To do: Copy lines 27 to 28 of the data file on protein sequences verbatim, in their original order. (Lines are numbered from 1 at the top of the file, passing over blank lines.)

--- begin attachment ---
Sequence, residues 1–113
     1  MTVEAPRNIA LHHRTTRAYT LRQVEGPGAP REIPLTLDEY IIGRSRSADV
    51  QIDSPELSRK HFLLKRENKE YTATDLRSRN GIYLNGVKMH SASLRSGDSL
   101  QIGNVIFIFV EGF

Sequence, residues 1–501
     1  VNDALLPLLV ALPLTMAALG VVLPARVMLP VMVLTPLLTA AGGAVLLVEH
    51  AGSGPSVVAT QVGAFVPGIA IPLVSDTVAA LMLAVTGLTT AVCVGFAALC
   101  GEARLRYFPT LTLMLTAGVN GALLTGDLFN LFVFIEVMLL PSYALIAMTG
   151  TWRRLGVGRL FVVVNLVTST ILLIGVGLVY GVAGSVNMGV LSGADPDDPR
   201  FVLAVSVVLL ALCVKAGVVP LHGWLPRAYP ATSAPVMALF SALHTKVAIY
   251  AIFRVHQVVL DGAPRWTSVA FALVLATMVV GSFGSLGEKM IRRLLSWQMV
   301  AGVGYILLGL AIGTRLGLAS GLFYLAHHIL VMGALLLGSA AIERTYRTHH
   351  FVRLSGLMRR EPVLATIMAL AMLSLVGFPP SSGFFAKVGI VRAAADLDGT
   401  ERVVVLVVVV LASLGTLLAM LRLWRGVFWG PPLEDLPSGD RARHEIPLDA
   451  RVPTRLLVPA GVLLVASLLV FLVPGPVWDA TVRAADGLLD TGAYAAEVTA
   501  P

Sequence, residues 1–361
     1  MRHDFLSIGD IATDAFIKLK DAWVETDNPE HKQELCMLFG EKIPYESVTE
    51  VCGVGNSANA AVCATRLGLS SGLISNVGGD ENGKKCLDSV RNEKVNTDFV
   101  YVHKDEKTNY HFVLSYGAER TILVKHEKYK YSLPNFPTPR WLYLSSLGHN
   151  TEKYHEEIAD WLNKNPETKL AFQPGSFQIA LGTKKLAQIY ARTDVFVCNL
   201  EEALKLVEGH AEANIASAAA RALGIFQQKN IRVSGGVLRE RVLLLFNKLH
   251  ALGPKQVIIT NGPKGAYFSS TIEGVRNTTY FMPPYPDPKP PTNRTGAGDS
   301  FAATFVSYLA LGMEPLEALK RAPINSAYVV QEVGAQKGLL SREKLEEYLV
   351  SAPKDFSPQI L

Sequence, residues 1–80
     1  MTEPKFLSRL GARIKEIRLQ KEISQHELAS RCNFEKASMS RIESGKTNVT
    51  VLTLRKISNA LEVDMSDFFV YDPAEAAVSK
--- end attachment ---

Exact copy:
     1  MTEPKFLSRL GARIKEIRLQ KEISQHELAS RCNFEKASMS RIESGKTNVT
    51  VLTLRKISNA LEVDMSDFFV YDPAEAAVSK